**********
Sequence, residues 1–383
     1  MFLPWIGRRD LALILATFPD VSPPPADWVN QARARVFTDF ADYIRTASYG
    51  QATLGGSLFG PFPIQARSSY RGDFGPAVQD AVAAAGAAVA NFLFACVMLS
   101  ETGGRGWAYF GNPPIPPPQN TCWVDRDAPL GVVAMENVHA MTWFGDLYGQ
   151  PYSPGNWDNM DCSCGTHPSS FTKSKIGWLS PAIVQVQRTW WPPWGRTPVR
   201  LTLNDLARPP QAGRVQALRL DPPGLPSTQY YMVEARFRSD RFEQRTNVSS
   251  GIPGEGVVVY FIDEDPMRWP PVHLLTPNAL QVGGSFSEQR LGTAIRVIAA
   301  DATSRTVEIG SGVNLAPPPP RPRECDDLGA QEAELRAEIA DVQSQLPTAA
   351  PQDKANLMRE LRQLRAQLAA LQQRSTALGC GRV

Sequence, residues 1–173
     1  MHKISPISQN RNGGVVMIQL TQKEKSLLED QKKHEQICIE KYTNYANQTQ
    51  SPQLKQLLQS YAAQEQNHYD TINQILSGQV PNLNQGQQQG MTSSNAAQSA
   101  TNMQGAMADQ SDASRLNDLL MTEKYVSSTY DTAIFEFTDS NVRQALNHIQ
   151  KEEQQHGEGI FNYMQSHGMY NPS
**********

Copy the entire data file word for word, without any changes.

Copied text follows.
Sequence, residues 1–383
     1  MFLPWIGRRD LALILATFPD VSPPPADWVN QARARVFTDF ADYIRTASYG
    51  QATLGGSLFG PFPIQARSSY RGDFGPAVQD AVAAAGAAVA NFLFACVMLS
   101  ETGGRGWAYF GNPPIPPPQN TCWVDRDAPL GVVAMENVHA MTWFGDLYGQ
   151  PYSPGNWDNM DCSCGTHPSS FTKSKIGWLS PAIVQVQRTW WPPWGRTPVR
   201  LTLNDLARPP QAGRVQALRL DPPGLPSTQY YMVEARFRSD RFEQRTNVSS
   251  GIPGEGVVVY FIDEDPMRWP PVHLLTPNAL QVGGSFSEQR LGTAIRVIAA
   301  DATSRTVEIG SGVNLAPPPP RPRECDDLGA QEAELRAEIA DVQSQLPTAA
   351  PQDKANLMRE LRQLRAQLAA LQQRSTALGC GRV

Sequence, residues 1–173
     1  MHKISPISQN RNGGVVMIQL TQKEKSLLED QKKHEQICIE KYTNYANQTQ
    51  SPQLKQLLQS YAAQEQNHYD TINQILSGQV PNLNQGQQQG MTSSNAAQSA
   101  TNMQGAMADQ SDASRLNDLL MTEKYVSSTY DTAIFEFTDS NVRQALNHIQ
   151  KEEQQHGEGI FNYMQSHGMY NPS